|(Photo by John Bramel)|
I'm not taking back anything I wrote here. For 99 percent of bourbon drinkers, there is no bourbon shortage. Nor am I yielding to Fred Minnick's argument. I do, however, agree with a simple comment posted yesterday on Facebook by Heaven Hill Master Distiller Craig Beam: "There is a shortage of aged bourbon!" I also appreciate David Montgomery's resort to basic economic theory here.
Today, there is no lack of good bourbon available for sale to you and me, but that's not true for folks who buy and resell bourbon, who cannot buy what they want and have to take what they can get.
Which brings us back to Yellowstone. The story of how this picture came to be is here. It was a feel-good story so I didn't want to mention there that Luxco's version of Yellowstone has been largely undrinkable. That's not Luxco's fault since they don't make it. It is made by one of the usual suspects and it doesn't matter which one. It stands for the proposition that distillers don't sell their best whiskey to non-distiller producers (NDPs). Bottom shelf whiskey, whether NDP or distiller-owned, is almost always too young but it's often whiskey that more age won't improve much. Even if you can bring a uniformly perfect distillate off the still, it never all ages the same way.
Saying products like Yellowstone, Old Crow, and Ancient Age -- to cite a few other examples -- are undrinkable is, of course, subjective. The products are cheap and, clearly, there are consumers who find them palatable enough for their needs. Probably, most of those drinkers drown them in cola, or something. They have a market.
What has changed is that even bad whiskey is now in short supply. With every major American whiskey distillery operating at or near capacity, NDPs have trouble buying anything for any price. Even NDPs operating with long-term production contracts are suddenly unable to buy more, which they need to take advantage of the boom. Their producer partners have to tell them there's no capacity to spare.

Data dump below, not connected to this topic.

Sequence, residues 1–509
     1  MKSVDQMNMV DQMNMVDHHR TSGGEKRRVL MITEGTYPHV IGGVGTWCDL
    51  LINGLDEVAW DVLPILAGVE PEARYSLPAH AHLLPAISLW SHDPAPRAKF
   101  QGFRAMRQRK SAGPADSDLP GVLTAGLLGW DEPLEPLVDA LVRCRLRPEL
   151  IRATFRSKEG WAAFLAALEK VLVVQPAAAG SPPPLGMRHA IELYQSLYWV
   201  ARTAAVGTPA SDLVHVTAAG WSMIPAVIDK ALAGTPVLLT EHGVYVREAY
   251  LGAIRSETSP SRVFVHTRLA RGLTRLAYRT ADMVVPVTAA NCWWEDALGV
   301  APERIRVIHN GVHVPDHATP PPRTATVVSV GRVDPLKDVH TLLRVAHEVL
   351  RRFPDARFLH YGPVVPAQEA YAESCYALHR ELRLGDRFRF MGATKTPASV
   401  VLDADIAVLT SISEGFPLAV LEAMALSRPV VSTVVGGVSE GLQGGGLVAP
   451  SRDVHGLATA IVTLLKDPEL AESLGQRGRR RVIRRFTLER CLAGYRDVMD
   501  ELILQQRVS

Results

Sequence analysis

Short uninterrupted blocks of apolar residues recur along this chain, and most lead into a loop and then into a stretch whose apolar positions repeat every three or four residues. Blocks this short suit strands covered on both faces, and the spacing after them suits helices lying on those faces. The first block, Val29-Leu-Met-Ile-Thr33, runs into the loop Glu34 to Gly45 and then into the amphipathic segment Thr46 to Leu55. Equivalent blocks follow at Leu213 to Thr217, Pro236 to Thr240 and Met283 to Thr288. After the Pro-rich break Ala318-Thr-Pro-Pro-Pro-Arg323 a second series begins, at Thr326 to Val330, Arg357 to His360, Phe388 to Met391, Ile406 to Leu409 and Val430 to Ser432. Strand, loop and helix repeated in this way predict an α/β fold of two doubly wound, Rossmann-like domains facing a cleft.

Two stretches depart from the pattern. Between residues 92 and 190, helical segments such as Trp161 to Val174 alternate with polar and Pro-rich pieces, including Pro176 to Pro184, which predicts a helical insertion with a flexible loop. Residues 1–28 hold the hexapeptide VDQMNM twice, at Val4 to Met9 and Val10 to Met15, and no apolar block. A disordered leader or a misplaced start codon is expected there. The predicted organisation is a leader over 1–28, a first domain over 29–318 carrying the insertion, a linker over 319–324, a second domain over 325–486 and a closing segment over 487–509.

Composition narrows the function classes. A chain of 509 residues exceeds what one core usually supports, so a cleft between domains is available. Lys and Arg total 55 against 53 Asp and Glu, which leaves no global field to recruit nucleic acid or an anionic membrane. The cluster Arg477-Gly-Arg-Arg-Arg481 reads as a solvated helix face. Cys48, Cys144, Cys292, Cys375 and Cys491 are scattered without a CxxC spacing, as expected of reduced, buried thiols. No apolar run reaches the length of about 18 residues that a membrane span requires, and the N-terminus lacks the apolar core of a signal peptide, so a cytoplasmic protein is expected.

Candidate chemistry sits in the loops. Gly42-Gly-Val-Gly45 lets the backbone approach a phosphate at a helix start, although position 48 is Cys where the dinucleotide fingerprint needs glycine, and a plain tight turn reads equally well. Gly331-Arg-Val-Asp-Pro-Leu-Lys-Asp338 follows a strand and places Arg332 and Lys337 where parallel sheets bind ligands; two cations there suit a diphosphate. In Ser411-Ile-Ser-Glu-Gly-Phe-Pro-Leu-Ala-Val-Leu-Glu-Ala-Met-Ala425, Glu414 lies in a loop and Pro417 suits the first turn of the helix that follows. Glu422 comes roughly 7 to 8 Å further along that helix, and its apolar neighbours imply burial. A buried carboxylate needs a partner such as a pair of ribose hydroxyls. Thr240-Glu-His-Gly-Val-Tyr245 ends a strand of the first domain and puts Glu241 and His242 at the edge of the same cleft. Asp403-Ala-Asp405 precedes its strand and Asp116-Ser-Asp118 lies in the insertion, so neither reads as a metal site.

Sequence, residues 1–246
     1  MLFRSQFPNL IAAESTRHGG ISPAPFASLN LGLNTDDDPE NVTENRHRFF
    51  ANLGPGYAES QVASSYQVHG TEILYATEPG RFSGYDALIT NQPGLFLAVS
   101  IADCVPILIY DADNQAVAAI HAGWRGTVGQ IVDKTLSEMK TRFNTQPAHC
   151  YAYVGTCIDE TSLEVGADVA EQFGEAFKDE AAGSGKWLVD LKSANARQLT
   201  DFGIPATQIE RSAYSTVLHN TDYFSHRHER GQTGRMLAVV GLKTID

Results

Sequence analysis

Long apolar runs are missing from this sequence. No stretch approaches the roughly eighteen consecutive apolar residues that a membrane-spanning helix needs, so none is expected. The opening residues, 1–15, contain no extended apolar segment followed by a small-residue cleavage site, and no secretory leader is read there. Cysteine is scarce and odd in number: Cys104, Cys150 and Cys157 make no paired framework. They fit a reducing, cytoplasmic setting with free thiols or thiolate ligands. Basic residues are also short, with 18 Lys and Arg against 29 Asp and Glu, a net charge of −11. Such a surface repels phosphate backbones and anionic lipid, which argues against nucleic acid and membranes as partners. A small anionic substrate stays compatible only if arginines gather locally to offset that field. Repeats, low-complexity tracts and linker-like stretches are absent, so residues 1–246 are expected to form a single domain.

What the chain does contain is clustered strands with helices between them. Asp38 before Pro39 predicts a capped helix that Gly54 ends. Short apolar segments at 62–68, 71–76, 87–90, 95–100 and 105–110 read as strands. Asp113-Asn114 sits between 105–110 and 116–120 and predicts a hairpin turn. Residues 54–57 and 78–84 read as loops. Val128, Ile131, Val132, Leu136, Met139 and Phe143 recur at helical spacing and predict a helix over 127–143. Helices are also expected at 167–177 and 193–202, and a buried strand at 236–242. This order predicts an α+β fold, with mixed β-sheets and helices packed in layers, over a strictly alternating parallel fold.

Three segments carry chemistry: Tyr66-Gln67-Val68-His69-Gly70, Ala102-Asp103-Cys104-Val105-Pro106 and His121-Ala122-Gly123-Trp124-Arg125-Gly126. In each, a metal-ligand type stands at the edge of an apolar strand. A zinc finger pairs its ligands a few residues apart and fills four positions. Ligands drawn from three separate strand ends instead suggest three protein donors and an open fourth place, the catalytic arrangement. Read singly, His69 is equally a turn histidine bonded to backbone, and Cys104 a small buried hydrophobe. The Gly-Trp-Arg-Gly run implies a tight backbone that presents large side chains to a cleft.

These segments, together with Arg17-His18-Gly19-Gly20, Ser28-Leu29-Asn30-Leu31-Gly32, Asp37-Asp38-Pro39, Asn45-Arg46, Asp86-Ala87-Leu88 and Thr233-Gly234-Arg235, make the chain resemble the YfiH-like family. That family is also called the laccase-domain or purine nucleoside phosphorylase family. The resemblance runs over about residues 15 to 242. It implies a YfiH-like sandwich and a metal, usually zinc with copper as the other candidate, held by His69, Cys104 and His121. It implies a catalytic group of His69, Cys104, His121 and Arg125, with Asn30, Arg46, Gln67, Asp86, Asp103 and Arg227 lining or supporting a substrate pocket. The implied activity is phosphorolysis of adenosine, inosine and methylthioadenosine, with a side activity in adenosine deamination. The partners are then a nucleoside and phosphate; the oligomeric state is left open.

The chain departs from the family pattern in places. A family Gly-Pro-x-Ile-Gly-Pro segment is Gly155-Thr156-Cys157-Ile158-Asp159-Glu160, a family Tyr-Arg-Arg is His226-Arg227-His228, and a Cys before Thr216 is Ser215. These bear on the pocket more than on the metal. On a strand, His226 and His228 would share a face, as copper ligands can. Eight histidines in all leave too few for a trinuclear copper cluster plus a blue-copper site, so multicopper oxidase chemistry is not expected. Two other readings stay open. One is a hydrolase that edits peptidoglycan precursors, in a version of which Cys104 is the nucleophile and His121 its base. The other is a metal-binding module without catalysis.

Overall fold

The solution, of course, is to add capacity. The companies that already have a lot of capacity can add more, and are, but we're now seeing something we haven't seen in half a century or more -- new capacity! The major NDPs are either finding new production partners (Luxco) or becoming producers themselves (Michters, Willett).
That's what the picture above represents. Although the whiskey going into the barrel was made on Limestone's current pot still set-up, a small column still has been installed and should be producing soon. Limestone Branch isn't alone, and some of the other new stills are bigger than Limestone's, like the one at Michter's in Louisville. New Riff in Cincinnati has been producing on its column for a while now. Willett now has house-made whiskey from its column still that is three years old. Few Spirits and Finger Lakes have had columns for about a year. Smooth Ambler put one in last week.
What do column stills have to do with it? Basically, you can produce a lot more distillate with a column still than you can with pot stills. Plenty of small distilleries are using pot stills, but even all put together they don't have much impact on industry-wide volume. A few new column stills will.
Time passes quickly. If Templeton had been a real distillery, they would have 8-year-old whiskey by now. Steve Beam's new barrel of Yellowstone will be 4-years-old in 2019. That day will be here before we know it.
Distilleries that make whiskey live and die on their long term projections. Since no one saw the current boom coming, no one really knows anything about how much will be sold in 2019, let alone 2025, when Steve will bottle his first 10-year-old. Will supply catch up with demand? Will price increases achieve balance by suppressing some of that demand?
What does it all mean? More bourbon. A lot more bourbon. Who will dare say that's not a good thing?